PANNING AND SPATIALIZATION
Simple Stereo Panning
Csound provides a large number of opcodes designed to assist in the distribution of sound amongst two or more speakers. These range from opcodes that merely balance a sound between two channel to ones that include algorithms to simulate the doppler shift that occurs when sound moves, algorithms that simulate the filtering and inter-aural delay that occurs as sound reaches both our ears and algorithms that simulate distance in an acoustic space.
First we will look at some 'first principles' methods of panning a sound between two speakers.
The simplest method that is typically encountered is to multiply one channel of audio (aSig) by a panning variable (kPan) and to multiply the other side by 1 minus the same variable like this:
aSigL = aSig * kPan aSigR = aSig * (1 – kPan) outs aSigL, aSigR
where kPan is within the range zero to 1. If kPan is 1 all the signal will be in the left channel, if it is zero all the signal will be in the right channel and if it is 0.5 there will be signal of equal amplitide in both the left and the right channels. This way the signal can be continuously panned between the left and right channels.
The problem with this method is that the overall power drops as the sound is panned to the middle.
One possible solution to this problem is to take the square root of the panning variable for each channel before multiplying it to the audio signal like this:
aSigL = aSig * sqrt(kPan) aSigR = aSig * sqrt((1 – kPan)) outs aSigL, aSigR
By doing this, the straight line function of the input panning variable becomes a convex curve so that less power is lost as the sound is panned centrally.
Using 90º sections of a sine wave for the mapping produces a more convex curve and a less immediate drop in power as the sound is panned away from the extremities. This can be implemented using the code shown below.
aSigL = aSig * sin(kPan*$M_PI_2) aSigR = aSig * cos(kPan*$M_PI_2) outs aSigL, aSigR
(Note that '$M_PI_2' is one of Csound's built in macros and is equivalent to pi/2.)
A fourth method, devised by Michael Gogins, places the point of maximum power for each channel slightly before the panning variable reaches its extremity. The result of this is that when the sound is panned dynamically it appears to move beyond the point of the speaker it is addressing. This method is an elaboration of the previous one and makes use of a different 90 section of a sine wave. It is implemented using the following code:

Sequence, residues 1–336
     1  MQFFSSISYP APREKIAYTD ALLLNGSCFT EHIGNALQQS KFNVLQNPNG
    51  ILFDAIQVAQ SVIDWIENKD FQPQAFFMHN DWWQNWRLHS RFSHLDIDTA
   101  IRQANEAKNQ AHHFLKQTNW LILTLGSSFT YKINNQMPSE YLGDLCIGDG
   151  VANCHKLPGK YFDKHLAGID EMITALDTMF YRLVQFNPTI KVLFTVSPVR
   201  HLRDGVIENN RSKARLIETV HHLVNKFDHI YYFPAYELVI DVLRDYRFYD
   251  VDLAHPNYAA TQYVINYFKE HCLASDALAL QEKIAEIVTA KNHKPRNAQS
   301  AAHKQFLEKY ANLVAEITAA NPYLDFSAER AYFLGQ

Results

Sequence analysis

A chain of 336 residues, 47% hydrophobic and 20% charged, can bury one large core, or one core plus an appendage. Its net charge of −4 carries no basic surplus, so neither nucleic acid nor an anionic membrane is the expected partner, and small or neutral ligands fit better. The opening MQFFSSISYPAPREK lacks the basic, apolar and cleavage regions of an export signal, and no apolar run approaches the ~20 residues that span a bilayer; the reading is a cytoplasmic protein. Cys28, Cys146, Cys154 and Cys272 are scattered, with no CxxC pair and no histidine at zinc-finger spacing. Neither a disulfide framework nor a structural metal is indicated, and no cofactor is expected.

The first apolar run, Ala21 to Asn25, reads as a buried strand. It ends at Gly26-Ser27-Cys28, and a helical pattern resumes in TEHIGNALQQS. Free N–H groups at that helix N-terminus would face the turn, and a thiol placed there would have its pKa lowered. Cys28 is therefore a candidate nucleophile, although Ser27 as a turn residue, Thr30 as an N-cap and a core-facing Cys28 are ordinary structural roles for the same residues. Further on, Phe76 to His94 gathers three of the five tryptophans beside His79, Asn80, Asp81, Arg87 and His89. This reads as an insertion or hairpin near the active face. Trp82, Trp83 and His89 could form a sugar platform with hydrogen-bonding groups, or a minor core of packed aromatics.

aSigL = aSig * sin((kPan + 0.5) * $M_PI_2) aSigR = aSig * cos((kPan + 0.5) * $M_PI_2) outs aSigL, aSigR
The following example demonstrates all three methods one after the other for comparison. Panning movement is controlled by a slow moving LFO. The input sound is filtered pink noise.
<CsoundSynthesizer> <CsOptions> -odac ;activates real time sound output </CsOptions> <CsInstruments> ;Example by Iain McCurdy sr = 44100 ksmps = 10 nchnls = 2 0dbfs = 1 instr 1 imethod = p4; read panning method variable from score (p4) ;generate a source sound================ a1 pinkish 0.3; pink noise a1 reson a1, 500, 30, 1; bandpass filtered aPan lfo 0.5, 1, 1; panning controlled by an lfo aPan = aPan + 0.5; offset shifted +0.5 ;======================================= if imethod=1 then ;method 1=============================== aPanL = aPan aPanR = 1 - aPan ;======================================= endif if imethod=2 then ;method 2=============================== aPanL = sqrt(aPan) aPanR = sqrt(1 - aPan) ;======================================= endif if imethod=3 then ;method 3=============================== aPanL = sin(aPan*$M_PI_2) aPanR = cos(aPan*$M_PI_2) ;======================================= endif if imethod=4 then ;method 3=============================== aPanL = sin ((aPan + 0.5) * $M_PI_2) aPanR = cos ((aPan + 0.5) * $M_PI_2) ;======================================= endif outs a1*aPanL, a1*aPanR; audio sent to outputs endin </CsInstruments> <CsScore> ;4 notes one after the other to demonstrate 4 different methods of panning ;p1 p2 p3 p4(method) i 1 0 4.5 1 i 1 5 4.5 2 i 1 10 4.5 3 i 1 15 4.5 4 e </CsScore> </CsoundSynthesizer>